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  #1  
Old 02-11-2001, 09:20 PM
nosvmax nosvmax is offline
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Breaking in a rebuilt engine

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Old 02-19-2001, 09:24 PM
scarl38 scarl38 is offline
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Breaking in a rebuilt engine

I'm about to rebuild my 460 engine & was curious about how you recommend breaking in the newly rebuilt? What kind of oil do you run (or do you prefer ATM), & for how many miles before changing? Do you drive hard & fast or easy & slow during break in & why? Any advice will be appreciated.
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Old 02-19-2001, 11:06 PM
bb79ranch bb79ranch is offline
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Breaking in a rebuilt engine

As far as oil use a good qualty oil like Valvoline, Havoline, Kendall & etc. in a 10w-30 weight NO SYNTHETICS OR ADDITIVES. Make sure you have the distributor "timed" right, make sure your carb is ready to run & not just start the engine, top off all fluids. After eveything is ready, find a buddy that can help you & one that you can trust to watch gauges or lights. Start your engine and bring it up to 1800-2000 rpm DO NOT LET IT IDLE doing so could wipe-out the cam's lobes then the rest of the engine's bearings. Check oil pressure and any signs of leaks, after a minute or two there will be smoke and burning smells coming from your engine this is normal for a new engine (paint being burned off as well as oil residue). Allow engine to run at 1800-2000 rpm for 15 mins or so and keep checking for any possible problems. Now bring down engine rpm to a decent idle 800-1000 rpm and then shut it down. Check oil for contamination, check all connections for leaks. After everything checks out OK re-start engine and get ready to road test. First from a stop make gentle accellerations to about 1500-2000 rpm 3-5 of these. Then from a rolling stop make a little bit quicker acc. to 2500-3000 rpm. Now take it out on the hi-way and holding a steady speed 40-45 stab the throttle go up then let engine rpm come down then again, this will help piston rings seat. Try not to hold a steady speed for too long for the first 500 miles and don't run it "***** to the wall" either, just vary your rpm while driving. After your road test you won't have to change oil till the 500 miles is up but you could change the oil filter just to be safe. I hope this helps.

Todd
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Old 02-20-2001, 03:02 PM
snekrs_mach1 snekrs_mach1 is offline
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Breaking in a rebuilt engine

All excellent points.

I'm a big proponent of wearing safety glasses and having a fire extinguisher and charged garden hose near by as well.

The safety glasses are for the situation where you're leaning over the engine either inspecting the engine, source of smoke, or simply tweaking the carb and a backfire, belt, of some loose bolt or washer finds its way to the fan or pulleys.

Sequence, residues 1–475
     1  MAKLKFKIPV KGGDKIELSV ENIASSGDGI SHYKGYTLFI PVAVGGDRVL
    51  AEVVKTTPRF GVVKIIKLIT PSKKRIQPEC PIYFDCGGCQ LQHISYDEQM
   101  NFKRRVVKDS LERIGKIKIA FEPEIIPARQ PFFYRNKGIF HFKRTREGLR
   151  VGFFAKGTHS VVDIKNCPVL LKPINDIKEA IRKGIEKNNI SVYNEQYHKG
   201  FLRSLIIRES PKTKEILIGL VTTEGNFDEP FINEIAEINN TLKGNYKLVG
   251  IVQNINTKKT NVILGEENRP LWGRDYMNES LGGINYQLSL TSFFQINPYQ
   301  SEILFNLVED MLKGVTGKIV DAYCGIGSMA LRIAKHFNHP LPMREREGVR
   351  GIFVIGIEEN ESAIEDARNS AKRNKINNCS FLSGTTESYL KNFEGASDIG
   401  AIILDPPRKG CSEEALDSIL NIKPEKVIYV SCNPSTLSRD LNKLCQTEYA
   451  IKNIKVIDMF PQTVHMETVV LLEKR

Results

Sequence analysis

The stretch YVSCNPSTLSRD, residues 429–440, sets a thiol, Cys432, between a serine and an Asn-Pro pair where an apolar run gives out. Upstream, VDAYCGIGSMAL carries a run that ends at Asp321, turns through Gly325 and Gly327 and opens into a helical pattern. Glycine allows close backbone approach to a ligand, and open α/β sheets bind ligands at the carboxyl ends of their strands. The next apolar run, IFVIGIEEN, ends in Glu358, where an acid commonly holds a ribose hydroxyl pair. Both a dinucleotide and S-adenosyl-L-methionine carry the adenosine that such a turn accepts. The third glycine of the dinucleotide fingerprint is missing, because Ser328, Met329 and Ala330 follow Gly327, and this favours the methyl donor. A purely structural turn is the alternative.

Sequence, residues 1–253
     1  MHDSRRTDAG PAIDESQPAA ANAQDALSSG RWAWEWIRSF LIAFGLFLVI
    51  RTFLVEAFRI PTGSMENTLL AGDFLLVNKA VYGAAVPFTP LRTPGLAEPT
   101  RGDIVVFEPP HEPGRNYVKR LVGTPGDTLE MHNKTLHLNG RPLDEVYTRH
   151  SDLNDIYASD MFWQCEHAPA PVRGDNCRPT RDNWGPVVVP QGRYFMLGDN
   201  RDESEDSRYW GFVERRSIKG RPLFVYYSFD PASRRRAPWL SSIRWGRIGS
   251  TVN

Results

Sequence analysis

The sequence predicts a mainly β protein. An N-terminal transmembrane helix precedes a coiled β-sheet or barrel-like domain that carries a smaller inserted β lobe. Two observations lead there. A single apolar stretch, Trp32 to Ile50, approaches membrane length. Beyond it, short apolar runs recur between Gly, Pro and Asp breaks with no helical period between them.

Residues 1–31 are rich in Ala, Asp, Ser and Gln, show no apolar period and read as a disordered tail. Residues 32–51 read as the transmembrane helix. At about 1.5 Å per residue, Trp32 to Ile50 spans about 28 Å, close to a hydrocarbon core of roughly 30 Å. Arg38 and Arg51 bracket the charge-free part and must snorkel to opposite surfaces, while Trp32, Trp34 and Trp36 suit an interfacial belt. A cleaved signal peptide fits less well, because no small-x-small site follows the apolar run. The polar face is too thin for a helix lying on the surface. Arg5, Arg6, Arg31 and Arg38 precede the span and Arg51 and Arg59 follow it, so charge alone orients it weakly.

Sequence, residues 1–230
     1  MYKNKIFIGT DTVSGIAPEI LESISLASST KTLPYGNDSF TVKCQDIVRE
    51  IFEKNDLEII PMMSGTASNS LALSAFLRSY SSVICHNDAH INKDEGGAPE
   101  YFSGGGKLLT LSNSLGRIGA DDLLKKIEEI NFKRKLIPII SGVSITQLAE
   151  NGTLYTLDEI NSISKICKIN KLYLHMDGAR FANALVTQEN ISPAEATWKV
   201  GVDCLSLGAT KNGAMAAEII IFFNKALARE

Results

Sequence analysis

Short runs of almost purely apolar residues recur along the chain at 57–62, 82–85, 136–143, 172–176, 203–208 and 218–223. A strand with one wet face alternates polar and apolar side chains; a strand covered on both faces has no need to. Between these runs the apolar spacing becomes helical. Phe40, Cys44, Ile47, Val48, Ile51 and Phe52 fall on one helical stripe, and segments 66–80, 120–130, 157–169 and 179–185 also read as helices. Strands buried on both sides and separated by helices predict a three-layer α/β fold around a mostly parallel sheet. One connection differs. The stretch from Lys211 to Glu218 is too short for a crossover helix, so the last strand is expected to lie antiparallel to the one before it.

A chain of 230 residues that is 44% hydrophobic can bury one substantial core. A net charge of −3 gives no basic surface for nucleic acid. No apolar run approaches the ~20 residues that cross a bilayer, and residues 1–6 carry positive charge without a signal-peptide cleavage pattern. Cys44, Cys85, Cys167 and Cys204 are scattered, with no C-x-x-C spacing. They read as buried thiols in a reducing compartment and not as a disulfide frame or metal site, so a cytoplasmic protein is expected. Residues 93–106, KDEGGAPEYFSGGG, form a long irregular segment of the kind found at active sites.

Lots of parts can be replaced...you eyes are not one of them.


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Old 02-20-2001, 09:31 PM
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Bill_Beyer Bill_Beyer is offline
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Breaking in a rebuilt engine

> As far as oil
>use a good qualty oil
>like Valvoline, Havoline, Kendall &
>etc. in a 10w-30 weight

FYI...both Crane and Crower recommend using high quality straight 30 or 40 weight for intial cam break in along with some sort of "oil conditioner".
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Old 02-21-2001, 04:02 PM
bb79ranch bb79ranch is offline
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Breaking in a rebuilt engine

Even though you may prime the oiling system prior to start-up, using a 10w-30 or 10w-40 weight oil will ensure faster lubrication of entire engine. 30 or 40 weight oil doesn't flow fast enough at start-up at this most critical time in an engines life. BTW what kind of additives or conditioners do they recommend, because ANY time you use an additive with today's oil you probably are doing more harm than good. Today's oil is a combo of many different properties that are used in a specific ratio to one another to perform not only lubrication duties but also take contaminants that enter the oil through the combustion process and neutralizes the contaminant so that it won't or can't harm the engines internals (bearings). Adding to this ratio upsets the effectiveness of the oil to do what it was intended to do.
I hope this helps in any way.

Todd
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Old 02-21-2001, 05:13 PM
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Breaking in a rebuilt engine

Crower recommends using their oil supplement part#860684 or GM EOS (I assume that means Engine Oil Supplement) part#1052367. They also specifically say not to use multi-vis or synthetic for break in. They say that they don't provide sufficient shear strength for the break in. Crane recommends using Crane Super Lube part# 99003-1.

The cam lobes are the most critical portion of the break in and they are protected by the moly assembly lube (as are the engine bearings) during the intital start up. Providing you prime the oiling system I don't think the time lag for straight vs multi would be that much different. I have seen other sources recommend multi vis too so it may not make all that much difference.